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             sorrel and fennel      nasturtiums and dandilionSpring has definitely sprung here in the Bay Area, and birds, bees and beasts alike are all atwitter over the booming odors and blooming colors.

In my yard, the nasturtiums have started their annual stealth campaign to overtake the vegetable beds, while the stubborn dandelions that I’ve pulled up a dozen times are again sprouting from cracks in the concrete path. (God bless the grass…)

Across the street, the wood sorrel that passes as my neighbor’s front lawn has exploded in a blanket of yellow as it does every year until he mows it down, concerned that his yard will attract a blight complaint for being unkempt. The fragrant fennel bush that grows shoulder-high alongside the vacant lot is going nuts this year too, and on walks around the block my dogs are clearly celebrating its return.

These familiar plants are a ubiquitous part of the landscape, so we usually overlook them as weeds, or more kindly call them “volunteers,” but there is more to these hardy urban perennials than meets the eye.

When I first got my house, nasturtiums (Tropaeolum majus) had gone feral and literally covered everything in the backyard. The progeny of those original plants are still thriving sixteen years later, although I have greatly restricted their territory. Also known as Indian cress or monk’s cress, nasturtium originated in the Andes and has since become naturalized in countries around the world, clearly one of Darwin’s favored children.

Besides creating a sprawling riot of color, nasturtiums are edible and are a terrific way to dress up a salad. The round leaves add wonderful variety to a greens mix, and the flowers themselves are surprisingly peppery, quite a bit like a radish. Make sure to inspect and/or rinse flowers before eating them, though, or an ant or two might contribute some extra protein!

When I’m out picking nasturtiums, I always eye the determined dandelions (Taraxacum officinale) to see if there are any young leaves that I can pinch from them as well. The best time to pick dandelion leaves is when they are small and light colored, generally before there is a yellow flower on the plant and certainly before there is a puffball to make a wish on.

Once dandelions start to mature, the leaves get thicker, more bitter and a little prickly. Young leaves are a great addition to a salad mix, and they are also fantastic sautéed with onions and garlic or mixed in with whatever cooked greens you are making.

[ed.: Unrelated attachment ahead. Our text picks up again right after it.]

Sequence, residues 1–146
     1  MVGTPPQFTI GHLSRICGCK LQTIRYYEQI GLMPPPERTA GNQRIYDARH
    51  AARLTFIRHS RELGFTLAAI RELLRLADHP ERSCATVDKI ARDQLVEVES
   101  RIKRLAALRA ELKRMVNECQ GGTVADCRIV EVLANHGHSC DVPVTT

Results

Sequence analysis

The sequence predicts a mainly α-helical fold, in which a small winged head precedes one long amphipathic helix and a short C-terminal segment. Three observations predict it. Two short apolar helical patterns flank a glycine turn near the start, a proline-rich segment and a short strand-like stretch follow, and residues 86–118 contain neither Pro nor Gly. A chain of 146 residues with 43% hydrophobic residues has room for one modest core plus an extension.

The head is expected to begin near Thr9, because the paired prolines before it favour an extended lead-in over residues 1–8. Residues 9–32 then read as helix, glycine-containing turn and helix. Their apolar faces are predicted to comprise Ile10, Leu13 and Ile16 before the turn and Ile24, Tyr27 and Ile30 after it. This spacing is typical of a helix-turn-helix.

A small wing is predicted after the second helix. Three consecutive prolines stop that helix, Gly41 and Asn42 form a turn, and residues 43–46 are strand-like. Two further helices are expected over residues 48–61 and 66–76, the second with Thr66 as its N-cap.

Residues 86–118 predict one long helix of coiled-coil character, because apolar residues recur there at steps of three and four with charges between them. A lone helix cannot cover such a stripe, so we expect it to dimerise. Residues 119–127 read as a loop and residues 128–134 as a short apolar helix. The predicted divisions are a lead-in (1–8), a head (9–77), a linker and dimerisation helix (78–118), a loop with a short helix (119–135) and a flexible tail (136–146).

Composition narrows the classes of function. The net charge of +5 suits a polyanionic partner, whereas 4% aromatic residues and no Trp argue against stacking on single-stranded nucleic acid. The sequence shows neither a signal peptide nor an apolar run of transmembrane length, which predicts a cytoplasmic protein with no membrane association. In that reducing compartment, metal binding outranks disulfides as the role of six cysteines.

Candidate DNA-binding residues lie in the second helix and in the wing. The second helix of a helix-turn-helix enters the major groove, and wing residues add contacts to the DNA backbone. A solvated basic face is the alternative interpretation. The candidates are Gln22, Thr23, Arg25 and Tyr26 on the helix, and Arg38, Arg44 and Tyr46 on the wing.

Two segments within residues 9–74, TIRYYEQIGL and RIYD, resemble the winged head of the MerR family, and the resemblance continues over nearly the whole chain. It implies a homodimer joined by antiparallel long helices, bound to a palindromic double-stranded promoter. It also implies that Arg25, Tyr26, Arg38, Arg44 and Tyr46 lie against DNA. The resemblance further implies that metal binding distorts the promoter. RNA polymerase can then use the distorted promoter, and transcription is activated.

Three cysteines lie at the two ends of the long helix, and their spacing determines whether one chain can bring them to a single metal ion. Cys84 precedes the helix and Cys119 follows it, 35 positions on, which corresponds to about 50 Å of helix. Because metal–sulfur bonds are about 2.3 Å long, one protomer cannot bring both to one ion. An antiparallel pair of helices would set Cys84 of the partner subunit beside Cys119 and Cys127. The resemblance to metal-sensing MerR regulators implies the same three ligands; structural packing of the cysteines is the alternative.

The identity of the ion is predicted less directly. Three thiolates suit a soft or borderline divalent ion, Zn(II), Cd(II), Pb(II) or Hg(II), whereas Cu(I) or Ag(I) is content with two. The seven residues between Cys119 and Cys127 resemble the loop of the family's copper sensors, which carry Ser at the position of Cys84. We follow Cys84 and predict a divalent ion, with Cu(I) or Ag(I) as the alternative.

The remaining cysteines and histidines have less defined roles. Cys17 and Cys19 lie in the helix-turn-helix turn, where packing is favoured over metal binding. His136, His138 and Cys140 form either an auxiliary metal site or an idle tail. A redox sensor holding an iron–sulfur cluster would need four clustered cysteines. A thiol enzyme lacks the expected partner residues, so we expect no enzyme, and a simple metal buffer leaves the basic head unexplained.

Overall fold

If I want to fill out my salad bowl even more, I head across the street and poach a couple handfuls of wood sorrel from my neighbor’s “lawn.” Also known as Bermuda buttercup, sourgrass or soursop, Oxalis pes-capraehas a distinct tangy flavor that is sort of lemony. It’s great in salads, and the leaves, stems and flowers are all edible. You shouldn’t eat too much raw sorrel because it contains oxalic acid that can be hard on some folks’ kidneys, but adding it raw to salads now and then is fine, and cooking it eliminates the issue entirely.

If my salad still needs a little extra something, I take the dogs for a walk and go visit their favorite fennel bush (Foeniculum vulgare) to snip some feathery new growth from the top of the plant. And that brings us to some rules of thumb for gathering greens or flowers of any kind from urban areas:

  • * Avoid roadsides where plants are contaminated by vehicle exhaust.
  • * Be mindful of where animals relieve themselves.
  • * Don’t pick in an area that could possibly have been treated with weedkillers.
  • * Don’t eat anything you can’t identify with 100 percent certainty – a toxic plant can be as dangerous as a toxic mushroom. Stick to what you know.

With everything around us growing and blooming right now, it’s a great time to create your very own Spring mix. And who knows, the neighbors might even thank you for helping out with their weeding.